German federal prosecutors are due to take over the investigation into the hostage-taking at Cologne’s main train station on Monday in a sign it is being treated as a possible terrorist attack.
Authorities said they weren’t ruling out terrorism but are keeping an open mind after it emerged that the attacker, a 55-year-old Syrian asylum-seeker, may have been suffering from psychological problems, appeared dishevelled with unkempt long hair and a three-day beard, and was under the influence of alcohol.
Police said he lived in Cologne and had come to Germany at the height of the refugee crisis in 2015. His residence permit is valid until 2021. The suspect amassed a lengthy criminal record in just two short years for various crimes including theft and causing injury.
His wife lives in Syria but has twice been denied a family reunification visa. He also has a son, who lives in Offenbach near Frankfurt. The son was also questioned by police.
The attack began in the McDonald’s inside the station early on Monday afternoon after he poured a gasoline and the floor and set it alight. The resulting explosion was recorded by a video surveillance camera. A 14-year-old girl was seen fleeing the restaurant with her legs on fire and had to undergo an operation for burns. Police said other customers in the restaurant were lucky not to have been seriously injured.
When the sprinkler system turned on, the man ran into a pharmacy in the station and took a female employee hostage. In negotiations with the police he demanded the release of a Tunisian woman being held in jail as well as free passage. He also demanded a suitcase and a bag he had left behind in the McDonald’s.
The police said he told passersby he belonged to the “terror group Daesh,” which is the Arabic acronym for Islamic State.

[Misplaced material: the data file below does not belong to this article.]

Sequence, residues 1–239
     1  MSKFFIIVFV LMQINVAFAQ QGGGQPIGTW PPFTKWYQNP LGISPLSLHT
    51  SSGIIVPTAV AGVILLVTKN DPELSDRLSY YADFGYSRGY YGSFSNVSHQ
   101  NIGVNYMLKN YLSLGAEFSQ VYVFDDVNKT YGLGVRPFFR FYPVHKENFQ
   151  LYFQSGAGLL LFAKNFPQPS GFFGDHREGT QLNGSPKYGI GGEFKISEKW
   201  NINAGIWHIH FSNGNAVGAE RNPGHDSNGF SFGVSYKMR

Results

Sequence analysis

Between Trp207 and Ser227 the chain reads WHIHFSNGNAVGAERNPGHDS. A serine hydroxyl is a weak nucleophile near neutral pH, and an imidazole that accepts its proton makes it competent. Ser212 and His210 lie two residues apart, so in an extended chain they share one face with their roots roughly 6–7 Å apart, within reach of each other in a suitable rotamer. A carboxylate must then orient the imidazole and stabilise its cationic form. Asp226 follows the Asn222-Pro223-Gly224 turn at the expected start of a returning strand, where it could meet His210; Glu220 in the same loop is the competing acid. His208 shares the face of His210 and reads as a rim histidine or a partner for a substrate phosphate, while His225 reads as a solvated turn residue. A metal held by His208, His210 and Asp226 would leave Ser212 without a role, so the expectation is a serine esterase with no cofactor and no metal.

Stable but in a coma
The suspect was armed with an air gun, camping gas canisters that were stuck together with adhesive tape as well as bottles of fire accelerant.
Police stormed the pharmacy after a two-hour standoff, shooting him three times when he attempted to set the hostage on fire. He was seriously injured and required surgery. Police said he was out of danger on Tuesday but in a coma.
The female hostage was slightly injured. A total of four people including the assailant were hurt in the attack which led to the closure of the station, a major hub in the German railway network, for several hours.
The interior minister of North Rhine-Westphalia, Herbert Reul, said: “The police took determined and professional action that prevented worse from happening.”
The man has been charged with two counts of attempted murder and hostage taking, prosecutors said.
Police appealed on Twitter for eyewitnesses to upload photos and video footage that may help them. They said they were trying to establish whether he had accomplices. At present, there are no indications that he did.
David Crossland is an editor for Handelsblatt Global.